Who knew so many people would object to Charles Hamilton naming J Dilla executive producer of his album, even though he obviously never had anything to do with Dilla?

When I read about the tracklisting and the production credits for the album here the other day, I didn't think anything of it. I chuckled a bit when I saw that Dilla was listed as executive producer, but, as cynical as I usually am, it didn't occur to me that this might have been his attempt to curry favor with the underground set. My mind just didn't go there, for whatever reason. Crazy as it sounds, I thought this may have been a genuine attempt to help Dilla's poor mother pay for her lupus medicine. I mean, how many people were really gonna run out and cop a Charles Hamilton album, just because it's got Dilla's name on it?

Plus, I wasn't sure if all of that album information wasn't just an elaborate hoax anyway. Maybe Charles Hamilton didn't just pull all of that shit out of his ass, for shits and giggles on a Monday afternoon, but you have to wonder if any of it was approved by Interscope. Take for example the album cover, with two adult gorillae and a couple of babies -  the female adult looks just like the male, but with a pearl necklace and some lipstick. Which is just wrong on so many levels. And anyway, doesn't Interscope have a policy in which rap album covers have to feature the artists with their shirts off - unless it's MIA, in which case you might actually want to see her with her shirt off?

Then there's the songs themselves, which have a lot of weird samples. One song has a sample of "Street Player" by Chicago, and the next song has a sample of the mighty "Tom's Diner" by Suzanne (or is it Susan?) Vega, which I thought may have been some sort of ironic nod to MTV's The Grind. But I'm not sure if Charles Hamilton goes that deep with it, though I see there is a song with a PJ Harvey sample. Impressive. I always thought young black kids would appreciate PJ Harvey. Next important breakthrough to look out for: the day someone from the beta male rap set discovers Brighten the Corners by Pavement. Mark my words.

But I digress. Now, where was I? Ah yes, Charles Hamilton running afoul of Dilla's corpse. No Boutros.

Sonic must not have consulted with anyone involved with the Dilla estate. I don't mean to suggest that he wasn't planning on giving Ma Dukes Yancey (it's hard even typing that) a point on the album, or whatever he was planning on giving her; but this guy House Shoes, Dilla's AZT carrier (my bad), checked with her, and, like most people, she'd never heard of Charles Hamilton. Which would lend credence to the theory that he didn't consult with the TIs before he up and decided to list Dilla as executive producer. What if Ma Dukes, or whoever's in charge of Dilla's name and likeness, wouldn't have approved, perhaps because they don't want to sully the Dilla brand, if the album turns out to be a buncha bullshit? Like I said, "Street Player" and "Tom's Diner."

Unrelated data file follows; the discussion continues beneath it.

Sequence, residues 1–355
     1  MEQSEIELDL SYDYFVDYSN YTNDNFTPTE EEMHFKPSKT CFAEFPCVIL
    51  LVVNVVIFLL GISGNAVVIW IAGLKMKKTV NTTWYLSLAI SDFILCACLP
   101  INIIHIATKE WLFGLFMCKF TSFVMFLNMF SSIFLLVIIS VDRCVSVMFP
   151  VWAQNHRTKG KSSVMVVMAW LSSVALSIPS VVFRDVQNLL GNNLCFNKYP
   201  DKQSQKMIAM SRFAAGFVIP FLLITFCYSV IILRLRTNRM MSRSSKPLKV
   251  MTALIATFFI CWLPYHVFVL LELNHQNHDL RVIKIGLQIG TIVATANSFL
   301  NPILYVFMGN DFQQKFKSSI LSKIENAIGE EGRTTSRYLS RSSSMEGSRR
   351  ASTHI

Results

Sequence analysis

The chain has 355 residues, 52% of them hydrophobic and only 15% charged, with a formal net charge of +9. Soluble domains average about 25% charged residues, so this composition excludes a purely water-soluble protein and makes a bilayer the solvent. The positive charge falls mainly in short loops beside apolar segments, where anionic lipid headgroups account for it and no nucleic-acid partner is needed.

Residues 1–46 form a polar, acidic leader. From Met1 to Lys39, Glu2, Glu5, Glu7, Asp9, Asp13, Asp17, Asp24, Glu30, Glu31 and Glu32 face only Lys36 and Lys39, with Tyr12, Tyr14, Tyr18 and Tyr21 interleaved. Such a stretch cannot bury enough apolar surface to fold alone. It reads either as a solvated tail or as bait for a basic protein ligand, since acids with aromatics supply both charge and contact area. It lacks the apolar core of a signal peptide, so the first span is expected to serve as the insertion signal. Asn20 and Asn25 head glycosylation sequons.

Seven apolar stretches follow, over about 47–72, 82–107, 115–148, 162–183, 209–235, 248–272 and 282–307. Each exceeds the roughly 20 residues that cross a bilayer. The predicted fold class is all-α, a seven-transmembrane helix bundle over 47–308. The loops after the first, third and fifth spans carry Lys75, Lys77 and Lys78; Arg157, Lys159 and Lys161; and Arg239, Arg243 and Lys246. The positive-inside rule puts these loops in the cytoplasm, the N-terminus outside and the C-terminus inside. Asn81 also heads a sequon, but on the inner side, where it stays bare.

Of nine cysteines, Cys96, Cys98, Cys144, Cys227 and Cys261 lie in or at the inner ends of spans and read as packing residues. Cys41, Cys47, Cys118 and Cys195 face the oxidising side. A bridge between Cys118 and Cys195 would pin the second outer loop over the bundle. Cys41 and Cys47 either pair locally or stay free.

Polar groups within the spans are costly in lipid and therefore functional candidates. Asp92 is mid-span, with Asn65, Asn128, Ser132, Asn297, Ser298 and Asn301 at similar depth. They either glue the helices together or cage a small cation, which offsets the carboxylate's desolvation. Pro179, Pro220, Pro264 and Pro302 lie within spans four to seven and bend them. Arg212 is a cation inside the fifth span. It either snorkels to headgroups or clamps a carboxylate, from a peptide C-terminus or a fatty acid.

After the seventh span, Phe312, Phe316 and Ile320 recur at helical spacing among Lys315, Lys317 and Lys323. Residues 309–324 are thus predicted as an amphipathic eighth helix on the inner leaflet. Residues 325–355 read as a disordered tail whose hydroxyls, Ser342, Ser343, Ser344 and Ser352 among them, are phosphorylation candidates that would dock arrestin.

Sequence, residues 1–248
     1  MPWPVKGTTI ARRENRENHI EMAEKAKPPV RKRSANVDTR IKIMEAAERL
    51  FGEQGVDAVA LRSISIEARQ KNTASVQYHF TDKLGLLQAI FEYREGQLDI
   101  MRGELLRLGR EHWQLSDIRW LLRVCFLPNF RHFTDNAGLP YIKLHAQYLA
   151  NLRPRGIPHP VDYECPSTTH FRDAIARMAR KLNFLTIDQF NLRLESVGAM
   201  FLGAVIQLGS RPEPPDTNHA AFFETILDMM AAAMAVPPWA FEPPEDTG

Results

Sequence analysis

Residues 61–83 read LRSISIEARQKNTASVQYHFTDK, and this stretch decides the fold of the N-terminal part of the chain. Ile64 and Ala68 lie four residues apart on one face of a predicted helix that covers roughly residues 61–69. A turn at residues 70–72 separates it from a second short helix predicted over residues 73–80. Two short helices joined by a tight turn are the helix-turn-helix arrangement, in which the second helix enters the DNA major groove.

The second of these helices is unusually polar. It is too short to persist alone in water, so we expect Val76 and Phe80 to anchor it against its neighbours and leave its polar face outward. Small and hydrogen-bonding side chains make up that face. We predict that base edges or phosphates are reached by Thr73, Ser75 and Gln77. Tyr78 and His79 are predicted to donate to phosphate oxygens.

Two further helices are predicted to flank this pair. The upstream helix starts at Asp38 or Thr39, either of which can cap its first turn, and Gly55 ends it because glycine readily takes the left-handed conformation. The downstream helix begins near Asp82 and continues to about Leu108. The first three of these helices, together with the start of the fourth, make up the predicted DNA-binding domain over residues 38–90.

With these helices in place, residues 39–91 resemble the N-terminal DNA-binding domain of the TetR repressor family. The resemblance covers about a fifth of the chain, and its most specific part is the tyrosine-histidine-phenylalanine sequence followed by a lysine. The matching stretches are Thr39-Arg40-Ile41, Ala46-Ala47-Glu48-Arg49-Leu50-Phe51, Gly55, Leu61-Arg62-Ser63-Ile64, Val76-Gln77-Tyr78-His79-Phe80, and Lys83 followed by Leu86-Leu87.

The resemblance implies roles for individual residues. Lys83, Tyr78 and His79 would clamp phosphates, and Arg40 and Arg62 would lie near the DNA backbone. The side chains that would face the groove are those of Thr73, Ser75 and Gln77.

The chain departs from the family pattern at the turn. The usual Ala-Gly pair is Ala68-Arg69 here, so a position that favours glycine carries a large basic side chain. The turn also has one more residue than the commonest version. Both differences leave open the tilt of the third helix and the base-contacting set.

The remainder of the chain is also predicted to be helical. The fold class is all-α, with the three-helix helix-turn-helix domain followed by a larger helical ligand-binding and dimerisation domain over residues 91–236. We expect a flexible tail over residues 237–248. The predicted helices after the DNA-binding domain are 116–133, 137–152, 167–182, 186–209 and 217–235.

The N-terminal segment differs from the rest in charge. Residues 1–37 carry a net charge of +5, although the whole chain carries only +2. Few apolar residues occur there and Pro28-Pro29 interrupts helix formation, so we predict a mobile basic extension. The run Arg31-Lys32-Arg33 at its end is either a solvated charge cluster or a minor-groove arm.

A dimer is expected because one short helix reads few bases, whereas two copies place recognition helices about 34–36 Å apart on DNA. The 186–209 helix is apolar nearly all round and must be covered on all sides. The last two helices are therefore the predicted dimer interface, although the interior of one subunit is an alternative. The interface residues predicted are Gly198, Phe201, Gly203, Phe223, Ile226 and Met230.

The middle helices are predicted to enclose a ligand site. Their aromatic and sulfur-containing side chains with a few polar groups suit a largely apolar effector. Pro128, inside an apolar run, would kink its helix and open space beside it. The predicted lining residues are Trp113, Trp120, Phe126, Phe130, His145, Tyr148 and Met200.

So Charles Hamilton probably played himself, in listing J Dilla as his executive producer, without even bothering to check and see if he was allowed to. Then of course he didn't do himself any favors, in coming to his own defense. I missed the initial debate on Twitter the other day - I saw Sonic firing @replies at people, and ordering mofos to send him their phone numbers, because if you can't say something to someone over the phone, you're a pussy. (Which is a new one, as far as I know. I might have to check with eskay.) But I didn't bother to dig too deep into it. I figured it may have been people clowning him for the bizarre album information, as well as any number of other things, like his would be baby's mother punching him in the mouth, him stealing that beat from Black Spade, so on and so forth.

You can never be too sure why someone is mocking Charles Hamilton, you just know he's always gonna be the butt of a joke.

When I read the interview with him at AllHipHop yesterday, he had me thinking Dilla may have somehow actually worked on the album. Dilla's been dead for a couple of years now, and I've only been familiar with Charles Hamilton for maybe like a year, but who knows? There was that album Sonic supposedly recorded way back when he was in high school, even though he's only like 21. Maybe he did once get some advice from Dilla on how to make digital recordings sound as if they were vinyl, or whatever the fuck he was talking about. Sonic started talking about how Dilla really did indeed work on the album, and people shouldn't talk, if they don't know his family's relationship with the Yancey family, and he honestly had me believing him. Then he came out the side of his neck with some shit about the paranormal, and conducting a seance. Lollerskates.

At this point, who knows whether or not Dilla will remain listed as executive producer, or if Interscope will even bother releasing the album at all, for that matter. It seems like every other day now Charles Hamilton gets himself into another PR kerfuffle. I don't know if all of the heroin he's on has made him genuinely crazy, or if he just needs someone other than Mary J. Blige's violent emo stepdaughter to help him make a good decision, or what. But Ma Dukes Yancey might want to have Dilla's name removed just in case, regardless of whether or not the album is any good.